World Championships, Division I, Group A
(Jack Barron, 07-apr 2001) Last week, the main French headlines concerned Grenoble. No, feel reassured, they didn't have a sudden passion for the fastest sport on Earth and for the World Chmpionships Division I host by this city. They covered the trial of the Order of the Solar Temple, this sect whose members perished in fire in order to cross a stage towards a higher level of consciousness and to join a better world: Sirius star.
In the same time, another sect with strange followers dressed in blue had its wings burned in a similar experience: French national team. Don't mock too quickly the credulity of those people. They really thought that this tournament would only be a stage towards a higher level, and that, in the beyond, they would join a wonderful world: Pool A.
The Solar Temple recruited its followers in France, in Switzerland and in Canada. For its part, France gathered players from France, Switzerland (Bozon and Huet from Lugano) and North America (promising Treille and Meunier from Mass-Lowell University in Massachussets). There was also one guy from Great Britain (Manchester's Allard) but no one from Germany (Briand, Barin and Ouellet were all injured).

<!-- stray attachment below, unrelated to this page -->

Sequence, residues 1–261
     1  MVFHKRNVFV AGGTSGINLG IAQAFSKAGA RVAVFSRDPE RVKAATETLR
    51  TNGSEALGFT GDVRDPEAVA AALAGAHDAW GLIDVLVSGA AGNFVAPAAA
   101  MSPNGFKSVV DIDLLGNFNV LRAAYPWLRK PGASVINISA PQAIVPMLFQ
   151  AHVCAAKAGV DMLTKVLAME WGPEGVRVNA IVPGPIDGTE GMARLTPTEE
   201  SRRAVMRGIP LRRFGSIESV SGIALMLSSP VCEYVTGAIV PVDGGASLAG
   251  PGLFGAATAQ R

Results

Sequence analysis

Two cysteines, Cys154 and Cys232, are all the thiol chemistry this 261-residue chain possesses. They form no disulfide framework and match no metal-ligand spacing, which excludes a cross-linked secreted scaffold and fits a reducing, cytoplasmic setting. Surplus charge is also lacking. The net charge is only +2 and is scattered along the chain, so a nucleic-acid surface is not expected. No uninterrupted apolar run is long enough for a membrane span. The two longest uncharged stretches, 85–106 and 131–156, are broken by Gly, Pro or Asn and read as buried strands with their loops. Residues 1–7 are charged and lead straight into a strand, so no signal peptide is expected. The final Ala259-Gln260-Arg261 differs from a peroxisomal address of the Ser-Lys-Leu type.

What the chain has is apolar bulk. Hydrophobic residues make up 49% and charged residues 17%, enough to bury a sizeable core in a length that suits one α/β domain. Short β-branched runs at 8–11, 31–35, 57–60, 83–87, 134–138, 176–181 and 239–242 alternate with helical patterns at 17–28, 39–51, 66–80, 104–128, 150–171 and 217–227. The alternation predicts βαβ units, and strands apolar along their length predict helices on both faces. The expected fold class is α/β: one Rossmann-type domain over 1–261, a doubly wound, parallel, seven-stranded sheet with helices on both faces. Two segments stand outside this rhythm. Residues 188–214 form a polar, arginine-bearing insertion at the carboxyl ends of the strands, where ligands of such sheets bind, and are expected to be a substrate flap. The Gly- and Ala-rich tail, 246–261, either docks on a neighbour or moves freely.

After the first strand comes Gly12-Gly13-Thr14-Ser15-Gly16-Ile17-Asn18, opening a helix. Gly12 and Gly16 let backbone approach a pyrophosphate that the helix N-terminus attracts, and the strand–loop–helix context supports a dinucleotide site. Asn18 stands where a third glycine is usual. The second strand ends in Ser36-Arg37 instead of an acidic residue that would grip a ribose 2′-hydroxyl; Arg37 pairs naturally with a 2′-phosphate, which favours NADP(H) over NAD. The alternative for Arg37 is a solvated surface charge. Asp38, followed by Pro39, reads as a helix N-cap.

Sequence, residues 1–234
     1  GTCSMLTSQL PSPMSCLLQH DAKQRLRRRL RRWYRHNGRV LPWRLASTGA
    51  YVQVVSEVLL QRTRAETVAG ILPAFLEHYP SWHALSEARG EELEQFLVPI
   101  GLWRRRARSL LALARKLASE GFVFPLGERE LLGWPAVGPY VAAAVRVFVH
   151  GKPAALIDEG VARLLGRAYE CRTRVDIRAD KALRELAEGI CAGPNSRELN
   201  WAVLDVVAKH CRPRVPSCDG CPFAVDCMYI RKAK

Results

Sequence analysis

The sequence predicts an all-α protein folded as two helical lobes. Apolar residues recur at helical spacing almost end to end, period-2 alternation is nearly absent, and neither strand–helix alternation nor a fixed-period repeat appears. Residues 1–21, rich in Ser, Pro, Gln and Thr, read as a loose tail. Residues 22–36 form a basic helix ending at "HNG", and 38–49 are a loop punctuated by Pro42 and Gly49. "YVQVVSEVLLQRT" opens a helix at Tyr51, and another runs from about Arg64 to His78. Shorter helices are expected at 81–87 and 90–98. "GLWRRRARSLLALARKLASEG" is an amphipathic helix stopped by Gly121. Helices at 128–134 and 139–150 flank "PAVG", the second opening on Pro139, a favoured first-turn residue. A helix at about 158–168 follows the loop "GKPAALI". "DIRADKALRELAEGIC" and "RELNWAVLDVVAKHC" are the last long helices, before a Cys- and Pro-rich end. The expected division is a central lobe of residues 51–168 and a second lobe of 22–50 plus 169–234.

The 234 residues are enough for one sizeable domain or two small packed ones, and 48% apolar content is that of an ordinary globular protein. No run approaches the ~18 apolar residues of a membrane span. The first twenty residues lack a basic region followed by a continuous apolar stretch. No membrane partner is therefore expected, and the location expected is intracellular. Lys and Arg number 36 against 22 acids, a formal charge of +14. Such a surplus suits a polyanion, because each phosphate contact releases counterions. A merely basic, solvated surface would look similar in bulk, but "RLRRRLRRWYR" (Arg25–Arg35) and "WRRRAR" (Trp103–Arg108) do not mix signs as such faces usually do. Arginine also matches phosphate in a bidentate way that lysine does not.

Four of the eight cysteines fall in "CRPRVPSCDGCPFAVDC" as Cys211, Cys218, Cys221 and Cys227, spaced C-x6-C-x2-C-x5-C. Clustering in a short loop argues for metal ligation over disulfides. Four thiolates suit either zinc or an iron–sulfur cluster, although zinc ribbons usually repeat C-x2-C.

Yet, contray to the Solar Temple, no guru told fake promises to the followers from the Blue Temple: their coach Heikki Leime even said once he aimed at Pool A... within two years. The problem is nobody believed him when he said that. France would finish first in the tournament it organized, that was a certainty.